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Only a Game

How can anybody hope to tell the story of Allen Iverson, a man whose life was all style, a man whose performances were indelible and whose failures are forgettable? There have been some strong efforts, some “college tries” (Iverson’s own college try ended with him as the leading scorer in Georgetown Hoyas history, at 22.9 points per game). Kent Babb’s new biography, Not a Game: The Incredible Rise and Unthinkable Fall of Allen Iverson, is as nuanced and penetrating a study of AI as we’re ever likely to get. That’s the whole point of the book, really: Iverson is complicated and his later life has been tragic.

It’s a sad ending to a story first documented in Larry Platt’s excellent Only the Strong Survive: The Odyssey of Allen Iverson, which tried to make sense of Iverson’s defiant nature and his “bad boy” appeal during his early 2000s heyday. But neither book really succeeds in explaining to us who the man was, because understanding Allen Iverson was all about watching him. Here the letter kills; it was AI’s spirit that gave him life.


We’ve all watched Iverson’s rant about practice. “I’m supposed to be the franchise player, and we’re in here talking about practice,” he told an assemblage of reporters after his Sixers lost in the first round of 2001-2002 playoffs to the Boston Celtics. Never mind, of course, that Iverson averaged 31.4 points per game that season and won another scoring title. Never mind that he played through numerous nagging injuries while leading an untalented squad of role players and scrubs back to the postseason. Alas, the way Iverson acts in this short clip is how many will choose to remember him—as a petulant, mercurial player who “turned it on” only when the mood struck him.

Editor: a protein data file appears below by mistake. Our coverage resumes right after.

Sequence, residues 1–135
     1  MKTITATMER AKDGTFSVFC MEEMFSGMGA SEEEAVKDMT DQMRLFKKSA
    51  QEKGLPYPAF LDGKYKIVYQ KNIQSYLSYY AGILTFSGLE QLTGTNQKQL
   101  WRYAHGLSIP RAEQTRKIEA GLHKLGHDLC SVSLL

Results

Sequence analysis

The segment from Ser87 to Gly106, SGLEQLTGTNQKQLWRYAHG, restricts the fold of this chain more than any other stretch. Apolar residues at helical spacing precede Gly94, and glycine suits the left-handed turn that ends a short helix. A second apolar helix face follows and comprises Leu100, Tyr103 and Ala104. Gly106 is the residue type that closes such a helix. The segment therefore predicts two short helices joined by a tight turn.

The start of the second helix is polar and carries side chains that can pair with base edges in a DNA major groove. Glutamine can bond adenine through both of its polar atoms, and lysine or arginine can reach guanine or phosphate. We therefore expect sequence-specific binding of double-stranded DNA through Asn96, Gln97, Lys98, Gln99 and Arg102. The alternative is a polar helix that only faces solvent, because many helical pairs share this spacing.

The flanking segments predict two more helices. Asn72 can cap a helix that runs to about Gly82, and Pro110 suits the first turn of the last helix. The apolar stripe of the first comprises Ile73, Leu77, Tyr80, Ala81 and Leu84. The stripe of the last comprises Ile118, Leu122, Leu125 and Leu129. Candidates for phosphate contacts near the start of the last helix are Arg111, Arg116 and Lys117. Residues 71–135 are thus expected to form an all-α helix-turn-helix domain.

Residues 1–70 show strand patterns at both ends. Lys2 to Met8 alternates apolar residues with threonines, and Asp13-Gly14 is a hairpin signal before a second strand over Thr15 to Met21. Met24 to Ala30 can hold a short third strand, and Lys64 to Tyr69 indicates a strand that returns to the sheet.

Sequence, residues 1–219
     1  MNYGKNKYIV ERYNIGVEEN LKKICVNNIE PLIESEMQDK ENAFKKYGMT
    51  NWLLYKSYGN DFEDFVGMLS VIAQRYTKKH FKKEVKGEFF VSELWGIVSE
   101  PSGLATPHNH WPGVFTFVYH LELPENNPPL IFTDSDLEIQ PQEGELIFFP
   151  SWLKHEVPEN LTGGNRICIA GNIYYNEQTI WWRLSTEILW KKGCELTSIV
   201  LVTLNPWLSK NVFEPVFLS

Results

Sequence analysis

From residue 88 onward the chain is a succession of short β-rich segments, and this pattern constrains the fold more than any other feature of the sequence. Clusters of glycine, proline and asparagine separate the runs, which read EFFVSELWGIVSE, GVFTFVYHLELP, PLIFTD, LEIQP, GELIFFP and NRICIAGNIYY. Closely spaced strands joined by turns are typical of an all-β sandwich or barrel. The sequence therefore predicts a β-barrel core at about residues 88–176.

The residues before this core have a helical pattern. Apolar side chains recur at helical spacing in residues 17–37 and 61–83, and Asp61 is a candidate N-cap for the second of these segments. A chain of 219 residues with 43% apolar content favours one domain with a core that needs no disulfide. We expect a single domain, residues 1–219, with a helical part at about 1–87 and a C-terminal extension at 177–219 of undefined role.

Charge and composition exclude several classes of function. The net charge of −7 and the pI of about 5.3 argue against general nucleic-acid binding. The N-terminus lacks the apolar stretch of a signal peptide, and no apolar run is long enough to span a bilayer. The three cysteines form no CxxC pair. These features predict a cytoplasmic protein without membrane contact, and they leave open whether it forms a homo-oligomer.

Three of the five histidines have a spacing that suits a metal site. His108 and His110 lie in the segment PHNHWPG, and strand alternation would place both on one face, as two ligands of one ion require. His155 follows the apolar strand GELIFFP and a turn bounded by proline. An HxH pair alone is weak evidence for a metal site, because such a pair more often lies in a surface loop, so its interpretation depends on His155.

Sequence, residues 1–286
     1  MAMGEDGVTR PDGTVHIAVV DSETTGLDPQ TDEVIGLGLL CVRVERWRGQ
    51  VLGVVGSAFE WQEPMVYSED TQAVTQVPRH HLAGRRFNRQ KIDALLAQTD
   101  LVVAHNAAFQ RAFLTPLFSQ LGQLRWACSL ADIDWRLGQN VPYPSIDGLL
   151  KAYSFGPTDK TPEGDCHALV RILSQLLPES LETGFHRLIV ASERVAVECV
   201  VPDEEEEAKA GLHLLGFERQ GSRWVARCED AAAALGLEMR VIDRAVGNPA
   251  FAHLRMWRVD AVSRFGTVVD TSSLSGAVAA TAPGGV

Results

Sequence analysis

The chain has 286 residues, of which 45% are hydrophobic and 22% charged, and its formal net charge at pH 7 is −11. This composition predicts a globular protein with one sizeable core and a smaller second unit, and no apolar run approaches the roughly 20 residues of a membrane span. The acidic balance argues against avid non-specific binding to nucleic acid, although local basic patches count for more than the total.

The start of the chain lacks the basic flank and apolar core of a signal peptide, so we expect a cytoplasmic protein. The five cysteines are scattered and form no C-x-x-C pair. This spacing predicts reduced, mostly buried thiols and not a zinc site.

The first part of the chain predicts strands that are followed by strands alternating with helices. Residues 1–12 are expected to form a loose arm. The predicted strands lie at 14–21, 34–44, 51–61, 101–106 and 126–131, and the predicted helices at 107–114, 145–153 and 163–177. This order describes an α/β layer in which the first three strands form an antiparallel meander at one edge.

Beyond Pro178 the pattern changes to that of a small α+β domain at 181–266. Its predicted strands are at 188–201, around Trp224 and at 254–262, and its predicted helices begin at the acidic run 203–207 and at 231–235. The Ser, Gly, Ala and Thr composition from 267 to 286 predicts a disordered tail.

Biographer Babb leaves him this way, too: sitting alone at an Embassy Suites bar in Virginia, missing out on a charity basketball event in Philadelphia that he had been scheduled to attend. But what about AI’s way of being, his sense of where he was on the court? You can’t wrap your arms around a memory, so what does that mean for an athlete whose aggressive, passionate style amounted to three hundred years of cultural history in action coming to life? The wild syncopated crossovers, the ankle-breaking drives to the basket, the absurd three-point shots taken only because the game doesn’t recognize a four-pointer? Iverson was poetry in motion.

Alas, the way Iverson acts in this short clip is how many will choose to remember him—as a petulant, mercurial player who “turned it on” only when the mood struck him.

I’m a historian by trade, and in this capacity I’m occasionally asked to make sweeping generalizations about all sorts of things. Whether I know anything about the subject in question or not, the answer I almost always give is that “it’s complicated.” What’s complicated? Everything, everything is so goddamn complicated. And few athletes outside of Mike Tyson and Ricky Williams were as complicated as Allen Iverson.